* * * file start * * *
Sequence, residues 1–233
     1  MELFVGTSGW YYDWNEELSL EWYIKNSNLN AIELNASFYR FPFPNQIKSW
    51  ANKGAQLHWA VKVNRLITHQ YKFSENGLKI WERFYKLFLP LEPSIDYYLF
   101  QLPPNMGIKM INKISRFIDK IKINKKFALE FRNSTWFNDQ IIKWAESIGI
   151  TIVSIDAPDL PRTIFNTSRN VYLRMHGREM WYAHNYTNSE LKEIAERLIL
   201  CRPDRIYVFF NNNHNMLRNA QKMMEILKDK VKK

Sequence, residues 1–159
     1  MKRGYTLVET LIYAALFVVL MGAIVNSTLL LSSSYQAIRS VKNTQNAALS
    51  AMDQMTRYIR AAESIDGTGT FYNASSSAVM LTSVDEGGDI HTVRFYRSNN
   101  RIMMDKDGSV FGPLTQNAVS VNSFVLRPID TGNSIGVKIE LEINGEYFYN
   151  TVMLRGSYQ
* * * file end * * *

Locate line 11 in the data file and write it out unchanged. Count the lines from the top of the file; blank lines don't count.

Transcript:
   151  TVMLRGSYQ